In answer to that memorandum and that speech, the Polish government issued a memorandum on 5 May. It sets out the objectives of the 1934 agreement to renounce the use of force and to carry on friendly relationship between the two countries; to solve difficulties by arbitration and other friendly means. The Polish government states its awareness of the difficulties about Danzig and declares that it has long been ready to carry out discussions. The Polish government sets out again its part of the recent discussions. The Polish government states that it communicated its views to the German government on 26 March, and that it then proposed Joint guarantees by the Polish and German governments of the City of Danzig, based on the principles of freedom for the local population in internal affairs. The Poles stated their preparedness to examine the possibilities of a motor road and railway facilities. They received no reply to those proposals. The Polish position is summarized in one sentence:

"It is clear that negotiations in which one State formulates demands and the other is to be obliged to accept those demands unaltered are not negotiations in the spirit of the declaration of 1934 and are incompatible with the vital interests and dignity of Poland" (TC-72 No. 16).

The Polish government proceeds to reject the German accusation that the Anglo-Polish agreement is incompatible with the 1934 German-Polish agreement. It states that Germany herself has entered into similar agreements with other nations, and lastly it announces that it is still willing to entertain a new pact with Germany, should Germany wish to do so. (TC-72 No. 16)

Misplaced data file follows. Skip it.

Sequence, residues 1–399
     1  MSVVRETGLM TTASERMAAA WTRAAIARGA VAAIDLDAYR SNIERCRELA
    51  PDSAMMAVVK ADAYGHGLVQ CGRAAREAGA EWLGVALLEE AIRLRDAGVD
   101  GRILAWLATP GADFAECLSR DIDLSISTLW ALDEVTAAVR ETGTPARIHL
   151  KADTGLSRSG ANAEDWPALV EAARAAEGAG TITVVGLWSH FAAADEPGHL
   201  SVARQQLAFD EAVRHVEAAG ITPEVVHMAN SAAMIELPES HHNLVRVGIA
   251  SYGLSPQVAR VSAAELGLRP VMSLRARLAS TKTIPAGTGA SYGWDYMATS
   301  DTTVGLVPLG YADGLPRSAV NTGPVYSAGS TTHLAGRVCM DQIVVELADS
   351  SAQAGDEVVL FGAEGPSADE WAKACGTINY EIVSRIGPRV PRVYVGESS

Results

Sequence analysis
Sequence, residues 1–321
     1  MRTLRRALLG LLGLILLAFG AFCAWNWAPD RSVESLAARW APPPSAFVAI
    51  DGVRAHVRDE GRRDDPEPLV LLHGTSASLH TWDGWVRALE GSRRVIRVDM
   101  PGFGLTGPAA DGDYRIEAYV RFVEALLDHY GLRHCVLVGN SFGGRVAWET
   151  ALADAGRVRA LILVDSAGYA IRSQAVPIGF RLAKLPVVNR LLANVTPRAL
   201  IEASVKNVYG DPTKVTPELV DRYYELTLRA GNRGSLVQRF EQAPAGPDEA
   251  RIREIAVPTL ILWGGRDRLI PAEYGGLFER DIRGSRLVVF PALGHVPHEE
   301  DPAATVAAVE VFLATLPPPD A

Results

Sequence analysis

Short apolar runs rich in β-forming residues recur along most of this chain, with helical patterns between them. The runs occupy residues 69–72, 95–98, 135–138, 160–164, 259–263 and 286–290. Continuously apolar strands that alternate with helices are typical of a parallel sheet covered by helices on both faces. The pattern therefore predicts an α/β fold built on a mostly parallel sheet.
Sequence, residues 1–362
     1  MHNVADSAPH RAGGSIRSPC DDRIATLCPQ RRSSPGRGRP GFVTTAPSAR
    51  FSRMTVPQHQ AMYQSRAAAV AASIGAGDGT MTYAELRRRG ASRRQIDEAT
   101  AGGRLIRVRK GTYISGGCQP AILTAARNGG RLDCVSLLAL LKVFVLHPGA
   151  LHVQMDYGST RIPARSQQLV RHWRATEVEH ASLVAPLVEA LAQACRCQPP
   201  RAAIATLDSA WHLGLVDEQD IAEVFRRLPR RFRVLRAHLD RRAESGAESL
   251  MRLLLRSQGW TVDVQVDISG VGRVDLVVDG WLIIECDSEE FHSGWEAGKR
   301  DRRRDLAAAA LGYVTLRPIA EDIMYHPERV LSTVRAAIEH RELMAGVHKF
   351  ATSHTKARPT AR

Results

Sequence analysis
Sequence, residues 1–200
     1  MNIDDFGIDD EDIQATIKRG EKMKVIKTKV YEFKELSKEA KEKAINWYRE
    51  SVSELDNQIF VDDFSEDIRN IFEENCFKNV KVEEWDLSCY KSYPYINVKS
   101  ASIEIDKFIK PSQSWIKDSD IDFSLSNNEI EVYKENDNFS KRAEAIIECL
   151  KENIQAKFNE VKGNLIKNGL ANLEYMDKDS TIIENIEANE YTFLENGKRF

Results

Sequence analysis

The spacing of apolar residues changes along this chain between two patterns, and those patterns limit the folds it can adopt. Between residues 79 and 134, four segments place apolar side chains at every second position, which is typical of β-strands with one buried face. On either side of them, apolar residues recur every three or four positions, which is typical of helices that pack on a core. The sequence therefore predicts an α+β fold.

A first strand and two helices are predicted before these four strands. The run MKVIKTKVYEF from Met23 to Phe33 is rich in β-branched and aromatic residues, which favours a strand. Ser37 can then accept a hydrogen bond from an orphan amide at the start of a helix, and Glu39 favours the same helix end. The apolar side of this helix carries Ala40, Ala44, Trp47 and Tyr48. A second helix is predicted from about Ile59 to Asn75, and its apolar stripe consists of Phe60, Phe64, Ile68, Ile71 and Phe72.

The German answer was contained in a letter from the Supreme Commander of the Armed Forces, is signed by Hitler, and dated 10 May (C-120). Copies went to the various branches of the OKW, and with them apparently were enclosed "Instructions for the economic war and the protection of our own economy."

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Not only were military preparations being carried out throughout these months and weeks, but economic and every other kind of preparation was being made for war at the earliest moment.

This period of preparation, up to May 1939, concluded with the conference in the Reichschancellery on 23 May. The report of this meeting is known as the Schmundt Minutes (L- 79). In his address to the conference Hitler cried out for lebensraum, and said that Danzig was not the dispute at all. It was a question of expanding their living room in the east, and he said that the decision had been taken to attack Poland.

Goering, Raeder and Keitel, among many others, were present. The following is a significant paragraph:

"If there were an alliance of France, England and Russia against Germany, Italy and Japan, I would be constrained to attack England and France with a few annihilation blows. The Fuehrer doubts the possibility of a peaceful settlement with England." (L-79)

So that, not only has the decision been taken definitely to attack Poland, but almost equally definitely to attack England and France.

The original plaintext version of this file is available via ftp.